3. Return the tomatoes to the skillet and add the onion and butter. Slowly simmer over medium heat for 30 to 45 minutes, stirring occasionally.
  4. Slightly undercook the pasta in salted boiling water (taste the pasta for doneness). Discard the onion and add the pasta to the skillet and cook for 1 minute more.
  5. Serve the pasta with slivers of basil leaf and parmesan cheese on top.

Serves 2 or 3.

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Fresh Pasta

1 egg per cup of flour

  1. Place the flour on a board and make a well in the center. Break the eggs into the well.
  2. Using a fork, mix the eggs together. Slowly, add flour from the edges of the well. Eventually, the mixture will be too mixed to use a fork. Switch to your hands and mix the eggs and flour together.
  3. Once the mixture becomes somewhat homogeneous, start kneading the dough. Knead for several minutes after it has come together.
  4. Divide the dough into fourths. Feed each through the pasta maker individually. Start on the largest setting, feed the dough through, then fold in half, and feed through again. Repeat until the dough has become uniform.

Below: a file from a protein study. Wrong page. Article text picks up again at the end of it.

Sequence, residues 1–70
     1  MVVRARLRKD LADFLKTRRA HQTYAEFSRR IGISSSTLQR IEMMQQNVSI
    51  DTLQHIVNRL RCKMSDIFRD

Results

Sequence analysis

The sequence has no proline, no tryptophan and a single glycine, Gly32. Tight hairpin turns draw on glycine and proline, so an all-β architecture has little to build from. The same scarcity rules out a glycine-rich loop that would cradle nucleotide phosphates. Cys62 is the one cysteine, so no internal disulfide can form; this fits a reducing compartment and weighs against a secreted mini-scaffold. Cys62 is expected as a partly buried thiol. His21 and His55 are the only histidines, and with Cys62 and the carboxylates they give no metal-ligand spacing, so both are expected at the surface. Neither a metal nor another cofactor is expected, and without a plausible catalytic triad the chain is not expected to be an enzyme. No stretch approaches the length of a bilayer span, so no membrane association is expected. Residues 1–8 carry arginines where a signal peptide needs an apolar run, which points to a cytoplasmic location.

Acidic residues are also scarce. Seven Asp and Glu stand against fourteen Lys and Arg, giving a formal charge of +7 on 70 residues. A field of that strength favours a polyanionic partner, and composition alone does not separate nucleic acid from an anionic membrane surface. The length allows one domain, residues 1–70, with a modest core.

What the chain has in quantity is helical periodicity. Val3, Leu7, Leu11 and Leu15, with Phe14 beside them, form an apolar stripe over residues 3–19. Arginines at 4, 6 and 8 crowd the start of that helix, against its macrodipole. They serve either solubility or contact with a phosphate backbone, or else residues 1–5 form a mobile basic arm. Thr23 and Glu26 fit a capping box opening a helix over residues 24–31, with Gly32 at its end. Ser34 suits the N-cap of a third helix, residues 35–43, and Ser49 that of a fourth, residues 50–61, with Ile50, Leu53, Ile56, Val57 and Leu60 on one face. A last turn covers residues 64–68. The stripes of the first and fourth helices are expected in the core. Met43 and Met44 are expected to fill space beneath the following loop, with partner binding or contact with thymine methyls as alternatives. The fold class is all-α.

5. Feed the dough through the pasta maker at smaller settings until reaching the desired thickness (on the Kitchenaid Pasta Maker this is 6 for spaghetti for me). It should go through at least four settings on the pasta maker in total. Sprinkle flour on each piece of dough so it doesn’t stick.  And remember, when determining thickness, the pasta will approximately double in width when it’s cooked.
  6. Cut the dough into the desired shape (I use the larger pasta cutter for the spaghetti al pomodoro).
  7. Coil the pasta together and sprinkle with flour so it doesn’t stick.
  8. Cook the pasta in salted boiling water. It will be done about 2 to 3 minutes after it floats to the top.

Serves 1 per egg/cup of flour.

Eggplant Parmesan

Eggplant Parmesan

I have a confession. I had never had eggplant parmesan (does parmesan need to be capitalized? my spell checker wants it to be; it’s the anglization of parmigiano meaning something from Parma, Italy) before. I love Italian food (I believe it’s authentically Italian as I’ve seen it in Italy and Wikipedia backs me up) as well as the Italian-American versions with chicken or better yet veal so you’d think that I’d have tried it before now.

However, until very recently I was of the opinion that eggplant was ‘icky.’ A certain movie with an animated rat (which, by the way, I haven’t gotten around to seeing yet) made me decide that I needed to at least reevaluate my opinions of eggplant. At the time, I made a simple version of ratatouille and actually liked it (I spared Angela from even trying it as I was almost positive she’d give it a thumbs down).

Risen Bread Dough